However it is the other way of thinking about the question that brings us to the deepest significance of Jesus. It is in fact easier to say, “Rise and walk” than it is to say “Your sins are forgiven.” The reason is that sin is the root cause of all that is wrong in the world. Every physical ailment finds its source in the sin that since the Fall has warped and twisted our bodies and our souls – all that we are.
This was the problem that Jesus had entered into the world to address. God the Father had sent him to offer himself as the sacrifice for sin – the once and for all sacrifice that allows us to stand before God because our sin have been forgiven. They are no longer counted against us. Because of Jesus we are saints – forgiven sinners whom God will reckon as righteous and holy on the Last Day because of Jesus.
But that is not all Jesus did. Jesus died as the sacrifice for your sin. But then he did something no sacrifice had ever done before. He rose from the dead. As true God and true man he emerged from the tomb with a transformed humanity that can never die again. He began the absolute and complete renewal of humanity and creation itself that on the Last Day will undo everything that the sin and the Fall have caused.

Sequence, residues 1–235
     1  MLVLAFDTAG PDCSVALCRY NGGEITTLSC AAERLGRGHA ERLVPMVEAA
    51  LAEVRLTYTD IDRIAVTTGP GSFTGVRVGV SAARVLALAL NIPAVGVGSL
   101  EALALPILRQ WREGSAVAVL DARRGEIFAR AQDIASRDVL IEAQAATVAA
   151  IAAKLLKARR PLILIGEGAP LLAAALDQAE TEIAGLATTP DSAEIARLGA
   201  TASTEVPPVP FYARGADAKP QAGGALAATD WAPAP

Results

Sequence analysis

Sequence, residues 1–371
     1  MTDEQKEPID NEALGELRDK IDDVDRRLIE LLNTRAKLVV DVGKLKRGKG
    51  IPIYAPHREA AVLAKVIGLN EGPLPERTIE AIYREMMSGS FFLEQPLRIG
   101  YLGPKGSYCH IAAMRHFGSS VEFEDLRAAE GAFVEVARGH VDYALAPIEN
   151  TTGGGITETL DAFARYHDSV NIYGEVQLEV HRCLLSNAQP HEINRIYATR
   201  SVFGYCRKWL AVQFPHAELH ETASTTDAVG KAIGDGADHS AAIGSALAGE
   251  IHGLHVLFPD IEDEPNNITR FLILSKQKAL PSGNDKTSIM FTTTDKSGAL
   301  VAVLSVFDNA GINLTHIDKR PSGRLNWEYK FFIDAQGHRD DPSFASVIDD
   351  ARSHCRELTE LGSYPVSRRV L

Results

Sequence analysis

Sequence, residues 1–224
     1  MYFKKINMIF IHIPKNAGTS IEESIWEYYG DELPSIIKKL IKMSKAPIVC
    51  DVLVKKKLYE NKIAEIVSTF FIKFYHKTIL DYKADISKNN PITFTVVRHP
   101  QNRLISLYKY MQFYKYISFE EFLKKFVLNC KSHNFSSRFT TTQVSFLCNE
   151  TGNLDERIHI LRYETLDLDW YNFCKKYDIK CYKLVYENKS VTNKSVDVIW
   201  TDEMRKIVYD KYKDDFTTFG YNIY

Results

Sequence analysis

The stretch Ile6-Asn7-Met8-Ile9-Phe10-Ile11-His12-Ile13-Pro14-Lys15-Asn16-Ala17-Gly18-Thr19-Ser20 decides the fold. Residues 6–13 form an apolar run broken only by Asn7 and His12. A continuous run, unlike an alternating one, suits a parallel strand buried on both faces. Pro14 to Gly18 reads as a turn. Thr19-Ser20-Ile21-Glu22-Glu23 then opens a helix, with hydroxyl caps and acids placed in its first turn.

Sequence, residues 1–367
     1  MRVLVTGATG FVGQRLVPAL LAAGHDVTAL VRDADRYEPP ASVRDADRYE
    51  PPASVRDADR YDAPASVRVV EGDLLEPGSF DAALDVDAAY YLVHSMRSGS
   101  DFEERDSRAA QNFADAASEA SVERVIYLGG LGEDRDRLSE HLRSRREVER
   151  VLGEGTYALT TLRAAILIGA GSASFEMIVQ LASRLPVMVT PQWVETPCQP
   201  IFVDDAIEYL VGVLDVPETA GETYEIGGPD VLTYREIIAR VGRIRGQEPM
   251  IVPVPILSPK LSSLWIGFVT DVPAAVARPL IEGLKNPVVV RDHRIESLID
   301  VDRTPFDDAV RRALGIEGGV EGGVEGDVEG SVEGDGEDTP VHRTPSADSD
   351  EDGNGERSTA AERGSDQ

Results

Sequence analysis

Jesus’ ministry of miracles and healing demonstrated that he was in the process of bringing this answer to sin. He had come to remove the root cause. He had also come to fix everything that sin had done. Jesus was the presence of God’s kingdom – his rein – that was overcoming Satan, sin and death in every possible way.
And so we find in our text that immediately after asking his question Jesus said, “But that you may know that the Son of Man has authority on earth to forgive sins”— and he then said to the paralytic—“Rise, pick up your bed and go home.” The man was healed. He rose and went home. And when the crowds saw it, they were afraid, and they glorified God, who had given such authority to men.